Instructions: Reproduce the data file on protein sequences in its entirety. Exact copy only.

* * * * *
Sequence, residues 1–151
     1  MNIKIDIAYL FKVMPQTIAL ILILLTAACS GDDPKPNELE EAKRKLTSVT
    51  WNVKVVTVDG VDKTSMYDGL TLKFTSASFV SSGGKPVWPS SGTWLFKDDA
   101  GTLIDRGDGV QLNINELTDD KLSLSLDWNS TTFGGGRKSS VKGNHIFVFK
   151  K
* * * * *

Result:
Sequence, residues 1–151
     1  MNIKIDIAYL FKVMPQTIAL ILILLTAACS GDDPKPNELE EAKRKLTSVT
    51  WNVKVVTVDG VDKTSMYDGL TLKFTSASFV SSGGKPVWPS SGTWLFKDDA
   101  GTLIDRGDGV QLNINELTDD KLSLSLDWNS TTFGGGRKSS VKGNHIFVFK
   151  K